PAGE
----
apply Devrinol as a preemergence surface applied material, while others
feel that it must be lightly incorporated, primarily to protect it from
being broken down by sunlight. Dual has shown some potential for use in
tomatoes in preliminary tests. In addition Dual provides some control of
yellow nutsedge and poor control of purple nutsedge. Goal has been researched
for use in tomato middles for several seasons now.at the Bradenton GCREC and
on the farm of D.C. McClure. This compound is of particular interest
because it offers some control of nightshade which is becoming a particularly
important weed pest in south Florida. Therefore, this experiment is being
conducted to compare these herbicide treatments for injury to tomato and
pepper and for weed control in row middles. The plots are to be maintained
free of weeds at a commercially acceptable level by additional applications
of herbicides as needed. This information will ultimately be used to
make cost/benefit analyses of the resulting weed control programs.
Experimental Design: Randomized complete block with half of each plot planted
to tomato and the other half planted to pepper.
Number of Replications: 4
Plot Size: 7 Feet X 25.5 Feet with the middles on either side of the bed
being treated.
Number of Plants Per Plot: 10 tomato and 12 pepper
Cultivars: 'Sunny' tomato and 'Early Calwonder' pepper

List of Treatments

Herbicide Rate Method of
treatment (lb.a.i./A)* application

1. Sencor 1.0 pretransplant
+ Paraquat 0.5 postemergence
directed spray
2. Amiben 3.0 pretransplant
3. Devrinol 2.0 pretransplant
4. Devrinol 2.0 pretransplant
incorporated
5. Goal 1.0 pretransplant
6. Dual 1.25 pretransplant

pounds of active ingredient per acre

Applied 0.5 Ib.a.i./A Paraquat + X-77 to all plots to kill emerged grasses
(2 leaf stage) prior to application of treatments.
DATE OF INITIAL APPLICATION OF PRETRANSPLANT AND PRETRANSPLANT INCORPORATED
HERBICIDES: January 26, 1984.
Date Transplanted: January 30, 1984







-17-


CANTALOUPES

Block 13-East Field B P. H. Everett


Purpose: To evaluate the effect on production of field
transplants when planted in field on the same date.


seeded vs different age


5 treatments (seeded + 4 ages of transplants) 4 plots of each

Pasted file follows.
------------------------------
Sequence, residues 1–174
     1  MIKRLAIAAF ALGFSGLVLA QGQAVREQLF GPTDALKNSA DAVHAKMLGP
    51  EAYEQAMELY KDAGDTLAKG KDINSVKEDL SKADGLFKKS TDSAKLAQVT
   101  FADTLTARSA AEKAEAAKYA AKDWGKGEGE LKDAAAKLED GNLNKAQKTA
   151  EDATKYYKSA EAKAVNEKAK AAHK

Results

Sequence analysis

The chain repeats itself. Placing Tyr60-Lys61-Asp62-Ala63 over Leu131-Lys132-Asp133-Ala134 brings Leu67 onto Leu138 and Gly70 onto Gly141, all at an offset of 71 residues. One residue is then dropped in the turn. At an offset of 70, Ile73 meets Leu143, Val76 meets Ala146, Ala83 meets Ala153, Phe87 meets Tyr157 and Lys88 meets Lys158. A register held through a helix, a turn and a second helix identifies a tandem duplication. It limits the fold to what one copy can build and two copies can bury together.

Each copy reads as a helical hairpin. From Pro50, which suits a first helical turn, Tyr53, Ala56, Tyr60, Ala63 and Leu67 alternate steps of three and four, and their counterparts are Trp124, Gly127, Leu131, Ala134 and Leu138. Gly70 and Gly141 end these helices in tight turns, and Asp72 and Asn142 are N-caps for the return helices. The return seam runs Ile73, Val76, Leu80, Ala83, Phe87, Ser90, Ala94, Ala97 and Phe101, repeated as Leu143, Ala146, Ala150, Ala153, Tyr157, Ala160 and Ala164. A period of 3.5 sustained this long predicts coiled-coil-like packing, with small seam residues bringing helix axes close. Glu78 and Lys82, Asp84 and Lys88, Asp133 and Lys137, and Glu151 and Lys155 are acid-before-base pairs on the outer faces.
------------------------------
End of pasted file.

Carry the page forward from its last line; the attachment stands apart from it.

Plot
no Age of transplants

1 0 weeks (Field Seeded)
2 7 weeks
3 6 weeks
4 5 weeks
5 4 weeks


Planting data:





Transplants:


February 2, 1984 planted in field
Bed spacing 6' on center
In-row spacing 2'
1 plant/hill
Variety 'Magnum 45'

Grown in styrofoam trays with 1'" x 1-"cavities.


Culture: Plastic mulch with seep irrigation
Soil Fumigation VorlexR @ 12 gal/treated acre.


Fertilizer:


(1) 500 Ibs 5-16-8-1.8 + 15 lb F-503/A or 6.9 lb 5-16-8-1.8 +
0.2 lb F-503/100 linear bed feet. This fertilizer spread
in 30" wide band on a pre-bed and bedded over to a 4" depth.
(2) 1000 Ibs 19-0-30/A or 13.8 Ibs 19-0-30/100 linear bed feet.
This fertilizer banded in 1" deep grooves 9" to each side
of plant row.






-18-


EVALUATION OF TWO WEED CONTROL PROGRAMS IN
NON-MULCHED TRANSPLANTED WATERMELON

Block 10-East J. P. Gilreath, P. H. Everett & J. W. Prevatt

Purpose: Watermelons are currently produced under two production systems in
Florida: mulched and nonmulched culture. Because of the limited number
of herbicides previously available for use in watermelon, their erractic
performance and several other factors, many growers have begun producing
melons with plastic mulch culture. Three herbicides currently recommended
for use in nonmulched watermelon production are Devrinol, Sonalan and a
combination of Prefar + Alanap. Sonalan has performed poorly in previous
research in south Florida (Gilreath and Everett) because it requires
overhead irrigation (which is-not available) or rainfall (which occurs
sporadically in the spring) within 7 days after application. Thus only
2 preemergence herbicide treatments are of .practical value to the south
Florida watermelon producer and these offer slightly different spectrums
of weed control. In the past one of the biggest problems with producing
melons on pasture land has been the tremendous grass weed problems which
have developed. Fusilade is a postemergence grass herbicide which has
shown much potential for controlling emerged grasses in watermelon. In
addition-to weed control problems, growers are occasionally victims of a
freeze which requires them to start over. In this event many growers use
transplants of watermelon seedlings so they can still make the season in
time to produce a crop. In other cases, growers may lose the stand due to
herbicide drift problems or other means of herbicide injury. This experiment
is the result of the latter.
In our original experiment watermelons were planted January 10 and grew
well initially. Preemergence applications were made January 12. Devrinol
provided much better grass control than did Prefar + Alanap; however,
Fusilade was still needed to control escaped grass weeds. Fusilade was
applied February 3 and provided excellent control of established goose
grass and crabgrass. There was a high population of nightshade in the field.